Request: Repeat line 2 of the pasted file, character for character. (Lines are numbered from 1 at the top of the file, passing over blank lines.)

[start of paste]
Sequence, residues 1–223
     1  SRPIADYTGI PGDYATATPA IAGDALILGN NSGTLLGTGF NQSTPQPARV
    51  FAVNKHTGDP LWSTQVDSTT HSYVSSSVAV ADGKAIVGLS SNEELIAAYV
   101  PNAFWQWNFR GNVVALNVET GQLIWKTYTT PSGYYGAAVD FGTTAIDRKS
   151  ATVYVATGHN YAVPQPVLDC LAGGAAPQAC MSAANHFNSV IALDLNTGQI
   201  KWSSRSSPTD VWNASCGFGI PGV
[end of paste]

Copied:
     1  SRPIADYTGI PGDYATATPA IAGDALILGN NSGTLLGTGF NQSTPQPARV